Series three moved into the film Dogma, and with it brought five new figures, which again included another Jay and Silent Bob. This time around, Graphitti Designs really dropped the ball in producing the main characters from the film.

Linda Fiorentino's character Bethany, who is only the main focal point of the film, doesn't even appear to have been a thought in anyone's mind when producing the figures. Out of the five figures produced, three seemed fairly unnecessary - Jay, Silent Bob, and Golgothan. The Jay and Silent Bob figures were mainly unnecessary because so many versions had already been produced.

The other two figures released were Loki and Bartleby.

JAY AND SILET BOB STRIKE BACK


Series four based on the film Jay and Silent Bob Strike Back would be the largest series produced. While another set of Jay and Silent Bob figures were produced, this time around it was actually appropriate as the characters assumed their alter egos Bluntman and Chronic.

The other five figures produced were Marshal Willenholly, and the four fem fatales, Missy Chrissy, Sissy, and Justice.


CHASING AMY


The final series, series 5 was based on the film Chasing Amy. Here is where Graphitti Designs dropped the ball yet again. How can you create a series of figures based on a film called Chasing Amy, and then not produce a figure based on the title character? Out of the five figures produced, not one was the aforementioned Amy.

Instead, what was produced were; Banky, Holden, Alyssa, Hooper and Tracer.

KEVIN SMITH EXCLUSIVES


Graphitti Designs and Kevin Smith took the idea of exclusives to the brink of ridiculous. While they're done in the style of the series, many collectors don't consider the 10,000 Kevin Smith variations to be a part of it.

Okay, we were over exaggerating the amount when we said, "10,000". It was more like 14. Still, it was overkill at its best.

None of the figures were any different in design other than the paint job they got, and they were sold all over the place - Mainly at conventions where Smith was making appearances. Thus the cancelled orange and black colored jersey figure as seen in the first photo. Due to Smith cancelling this particular appearance, the figure was never produced - or rather, never released.





It doesn't appear that any new figures are on the horizon (unless of course there are more variations of Kevin Smith exclusives in the works), which is a shame. This series had so much room to grow with characters that were never included the first go round. The final series, Chasing Amy was officially released in 2006, and with how much time has passed, there is really no reason to expect anything new for the series - Though stranger things have happened.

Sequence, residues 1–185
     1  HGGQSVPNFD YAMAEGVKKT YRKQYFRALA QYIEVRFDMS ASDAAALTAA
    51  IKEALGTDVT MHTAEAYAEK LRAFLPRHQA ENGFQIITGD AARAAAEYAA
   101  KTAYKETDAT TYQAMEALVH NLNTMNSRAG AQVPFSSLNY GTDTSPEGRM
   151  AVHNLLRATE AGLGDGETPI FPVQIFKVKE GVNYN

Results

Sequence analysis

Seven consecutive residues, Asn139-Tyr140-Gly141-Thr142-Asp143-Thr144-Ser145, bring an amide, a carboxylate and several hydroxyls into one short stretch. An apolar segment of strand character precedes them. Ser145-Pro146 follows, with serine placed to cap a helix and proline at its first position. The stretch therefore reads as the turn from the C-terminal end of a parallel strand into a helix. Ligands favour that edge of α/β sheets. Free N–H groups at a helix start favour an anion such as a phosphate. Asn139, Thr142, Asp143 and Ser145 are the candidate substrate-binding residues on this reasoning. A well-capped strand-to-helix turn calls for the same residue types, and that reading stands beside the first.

Join us next time when we take a look at Pink Panther!

Click "HERE" to go back to the home page. For more posts related to this one, please click the labels below.

2 comments:

  1. Just saying the title character in Chasing Amy was never actually shown. I'm assuming that's why they didn't make a figure.

    ReplyDelete
    Replies
    1. You are correct. We mistook the character Alyssa, Holden's love interest as Amy.

      Delete

Thank you for taking the time to post a comment on this article. We ask that your comments be kept friendly in nature towards other readers, and please avoid using fowl language as this is a family friendly site. For more information on our rules and regulations for commenting, please view our sidebar section entitled, "Tell Us What's On Your Mind". Thank you for reading our article.

Disclaimer

All logos, products, names, and descriptions are the property of their respective copyright and trademark holders. No infringement is implied. Photographs and articles (unless otherwise noted) are copyright of The Toy Box, and may not be used without prior written consent. This website and its pages herein are designed for educational purposes only. No items herein are for sale.

Market prices fluctuate daily, and the prices as listed herein are not intended to be a set point, but rather a benchmark of where prices were noted at during the time period in which the article in question was written/posted. The value of any item shown here is always subject to change based on supply and demand, as well as seller/buyer preference. We are not affiliated with any buyers/sellers, and have no influence on prices set by secondary market dealers or individual sellers.